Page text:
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US, South Korea to Partner on Nuclear Hydrogen Initiative

17 August 2005

Yonhap. The US and South Korea will work together to develop a next-generation nuclear reactor that will also produce large quantities of hydrogen according to officials from the S. Korean Ministry of Science and Economy.

The announcement comes less than a week after the South Korea government signed off on an ambitious plan for the country to become a functioning hydrogen economy by 2040, with more than half of all cars to operate on fuel cells by the target date. (Earlier post.)

The ministry said the Korea Atomic Energy Research Institute and Doosan Heavy Industry and Construction Co. are pushing to set up a joint nuclear hydrogen research center in cooperation with General Atomics, a US-based nuclear technology company.

“The project is part of an ongoing effort by the government to join a multinational effort to build a fourth-generation nuclear power system that makes use of the so-called very high temperature gas cooled reactor,” a ministry official said.

The Very High Temperature Reactor is the current basis of the US research program to develop a cost-effective nuclear system that will directly produce hydrogen as well as electricity. (Earlier post)

General Atomics is the only company in the United States that has been working on the new reactor system since the 1970s and is an integral member of the U.S. Department of Energy’s nuclear hydrogen initiative and the next-generation nuclear plant.

A memorandum of understanding is expected to be signed in the next few months, with research centers being built in General Atomics main office in San Diego and at the Korea Atomic Energy Research Institute in Daejeon, about 164 kilometers south of Seoul.

The US and South Korea are both members of the 11-country Generation IV International Forum (GIF). In February, the US signed a multilateral cooperative research and development agreement aimed at next-generation nuclear energy systems with Canada, France, Japan, and the United Kingdom. Other members of GIF are Argentina, Brazil, the European Union, South Africa and Switzerland. (Earlier post.)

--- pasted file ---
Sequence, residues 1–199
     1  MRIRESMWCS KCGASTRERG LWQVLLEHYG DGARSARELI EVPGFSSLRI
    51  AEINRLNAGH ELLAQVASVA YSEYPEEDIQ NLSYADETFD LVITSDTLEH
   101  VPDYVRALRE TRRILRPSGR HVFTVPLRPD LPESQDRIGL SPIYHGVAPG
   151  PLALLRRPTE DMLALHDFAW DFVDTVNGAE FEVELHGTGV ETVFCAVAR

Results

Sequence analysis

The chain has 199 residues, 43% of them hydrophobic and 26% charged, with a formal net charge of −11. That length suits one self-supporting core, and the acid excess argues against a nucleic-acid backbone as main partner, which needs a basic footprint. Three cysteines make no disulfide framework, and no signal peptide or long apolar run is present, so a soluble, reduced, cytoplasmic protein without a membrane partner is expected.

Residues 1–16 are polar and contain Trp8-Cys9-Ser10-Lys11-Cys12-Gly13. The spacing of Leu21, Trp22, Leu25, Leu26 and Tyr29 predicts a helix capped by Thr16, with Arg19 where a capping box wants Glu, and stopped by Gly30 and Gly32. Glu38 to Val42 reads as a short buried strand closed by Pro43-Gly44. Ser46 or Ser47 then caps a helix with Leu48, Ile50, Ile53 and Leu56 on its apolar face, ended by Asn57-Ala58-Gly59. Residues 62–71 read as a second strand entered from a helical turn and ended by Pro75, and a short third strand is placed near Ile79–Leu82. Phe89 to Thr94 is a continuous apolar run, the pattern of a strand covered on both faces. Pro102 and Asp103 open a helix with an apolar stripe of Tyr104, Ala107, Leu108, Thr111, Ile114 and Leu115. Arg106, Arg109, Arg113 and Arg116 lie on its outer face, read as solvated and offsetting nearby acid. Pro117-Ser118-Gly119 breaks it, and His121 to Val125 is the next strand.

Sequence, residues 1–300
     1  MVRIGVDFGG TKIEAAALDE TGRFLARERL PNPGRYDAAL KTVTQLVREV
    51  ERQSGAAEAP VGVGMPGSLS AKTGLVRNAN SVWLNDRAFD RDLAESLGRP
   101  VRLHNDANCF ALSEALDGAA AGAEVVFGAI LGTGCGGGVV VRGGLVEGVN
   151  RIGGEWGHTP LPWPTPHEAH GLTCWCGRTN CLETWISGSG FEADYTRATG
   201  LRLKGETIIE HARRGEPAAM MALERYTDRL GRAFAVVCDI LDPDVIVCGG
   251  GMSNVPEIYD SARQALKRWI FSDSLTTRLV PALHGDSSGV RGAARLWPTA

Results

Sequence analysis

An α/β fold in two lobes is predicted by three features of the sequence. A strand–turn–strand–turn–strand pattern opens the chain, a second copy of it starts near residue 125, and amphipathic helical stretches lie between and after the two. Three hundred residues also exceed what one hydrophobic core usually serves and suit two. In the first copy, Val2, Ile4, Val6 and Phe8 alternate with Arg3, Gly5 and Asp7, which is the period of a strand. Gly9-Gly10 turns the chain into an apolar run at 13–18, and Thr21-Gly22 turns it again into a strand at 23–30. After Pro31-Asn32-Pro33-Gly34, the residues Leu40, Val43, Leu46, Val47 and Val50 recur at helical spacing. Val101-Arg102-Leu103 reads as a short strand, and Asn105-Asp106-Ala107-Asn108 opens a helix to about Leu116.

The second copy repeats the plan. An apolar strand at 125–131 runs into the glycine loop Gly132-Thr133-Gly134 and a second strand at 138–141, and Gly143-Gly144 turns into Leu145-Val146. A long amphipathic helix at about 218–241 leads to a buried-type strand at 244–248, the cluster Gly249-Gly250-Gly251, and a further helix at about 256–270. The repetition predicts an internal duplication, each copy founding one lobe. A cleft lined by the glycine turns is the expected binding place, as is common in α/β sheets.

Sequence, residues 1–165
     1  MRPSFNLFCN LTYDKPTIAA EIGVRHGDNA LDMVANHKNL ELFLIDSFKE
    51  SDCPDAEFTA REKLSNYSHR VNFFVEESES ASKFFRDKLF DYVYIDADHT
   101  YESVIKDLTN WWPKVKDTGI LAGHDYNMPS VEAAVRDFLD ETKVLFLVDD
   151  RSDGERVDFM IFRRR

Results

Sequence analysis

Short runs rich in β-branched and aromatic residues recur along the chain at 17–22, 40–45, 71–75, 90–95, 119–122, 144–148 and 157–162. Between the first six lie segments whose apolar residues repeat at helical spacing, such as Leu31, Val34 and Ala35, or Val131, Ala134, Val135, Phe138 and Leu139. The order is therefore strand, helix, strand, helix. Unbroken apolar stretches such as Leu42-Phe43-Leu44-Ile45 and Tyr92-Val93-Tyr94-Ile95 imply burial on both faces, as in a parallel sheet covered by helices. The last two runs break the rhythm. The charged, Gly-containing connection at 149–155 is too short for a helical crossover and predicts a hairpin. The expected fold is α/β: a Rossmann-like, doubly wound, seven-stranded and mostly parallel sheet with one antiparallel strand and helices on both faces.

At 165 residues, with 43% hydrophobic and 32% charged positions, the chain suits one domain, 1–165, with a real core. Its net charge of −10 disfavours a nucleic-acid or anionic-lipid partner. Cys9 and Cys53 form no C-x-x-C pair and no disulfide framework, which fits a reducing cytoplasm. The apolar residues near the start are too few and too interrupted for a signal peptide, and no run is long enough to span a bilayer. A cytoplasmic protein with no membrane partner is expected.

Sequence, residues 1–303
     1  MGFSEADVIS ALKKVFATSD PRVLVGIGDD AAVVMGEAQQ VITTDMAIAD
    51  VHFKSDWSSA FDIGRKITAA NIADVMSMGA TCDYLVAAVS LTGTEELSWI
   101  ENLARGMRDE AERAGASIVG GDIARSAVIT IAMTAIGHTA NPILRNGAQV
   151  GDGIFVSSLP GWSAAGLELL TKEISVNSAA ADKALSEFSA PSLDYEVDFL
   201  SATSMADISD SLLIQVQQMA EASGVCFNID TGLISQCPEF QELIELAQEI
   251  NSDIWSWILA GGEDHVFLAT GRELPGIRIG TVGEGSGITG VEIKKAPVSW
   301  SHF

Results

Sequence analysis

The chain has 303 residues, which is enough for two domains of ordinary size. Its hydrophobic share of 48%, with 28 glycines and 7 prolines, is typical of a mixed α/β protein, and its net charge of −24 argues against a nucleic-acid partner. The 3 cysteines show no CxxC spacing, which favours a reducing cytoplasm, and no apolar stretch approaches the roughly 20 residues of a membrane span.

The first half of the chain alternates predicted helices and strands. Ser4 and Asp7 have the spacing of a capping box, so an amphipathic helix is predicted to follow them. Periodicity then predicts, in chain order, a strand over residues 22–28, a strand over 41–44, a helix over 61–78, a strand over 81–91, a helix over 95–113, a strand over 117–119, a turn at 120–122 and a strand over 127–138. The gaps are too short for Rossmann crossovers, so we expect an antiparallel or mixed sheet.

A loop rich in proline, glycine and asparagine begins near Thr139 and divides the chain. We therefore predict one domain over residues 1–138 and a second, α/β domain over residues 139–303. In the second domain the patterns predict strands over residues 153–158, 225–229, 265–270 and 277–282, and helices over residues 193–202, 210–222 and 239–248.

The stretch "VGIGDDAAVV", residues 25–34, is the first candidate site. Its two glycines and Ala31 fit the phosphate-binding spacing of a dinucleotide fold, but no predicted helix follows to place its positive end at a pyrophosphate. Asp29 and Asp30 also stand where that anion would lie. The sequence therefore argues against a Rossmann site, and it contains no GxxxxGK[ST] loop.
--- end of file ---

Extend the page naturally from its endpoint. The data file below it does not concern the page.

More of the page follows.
August 17, 2005 in Hydrogen, Nuclear, Other Asia | Permalink | Comments (6) | TrackBack (0)

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Comments

This is a welcome development, not because hydrogen gas is likely to be used as fuel but because it is an excellent feedstock for producing synthetic liquid hydrocarbon fuel. The remaining part of the technical puzzle to be solved is the economical use of atmospheric CO2 to provide the carbon for synthetic fuel.

This is as I expected.. and its very good news because of course the high temp method is very energy eff.

Can CO2 be electrolyzed like H2O?

Yes. A number of researchers are exploring variants of that for oxygen production as part of investigating the exploration of Mars.

More to our current needs, the basic reaction of the electrolysis of carbon dioxide and steam is:

CO2 + H2O --> H2 + CO + 3/2 O2

The resulting syngas (H2+ CO) can react to form methane.

Resources:

High Temperature Electroylsis of Steam and Carbon Dioxide

What you have described is just another way to make syngas. What I asked was can pure CO2 (no steam) be electrolyzed. I suspect that it can with O2 drawn to one electrode and solid carbon (graphite) accumulating on the other. Sell the O2 and bury the graphite. Of course the process would only use non carbon energy source such as wind or solar too far from population centers for economical use.

Right. CO2 solid oxide electrolysis. Been under investigation for in-situ production of oxygen on Mars. (SAE paper from 1995 gives a quick theoretical overview, but I’ve seen references go back to papers in 1969...all aerospace-related.)

Products are O2 and CO.

Fraunhofer has been doing work on regenerative SOFCs for CO2 electrolysis. (Burning carbon buildup off the anode.

And I’m sure there’s a lot more from NASA and ESA studies related to In Situ Resource Utilization (ISRU) on Mars.

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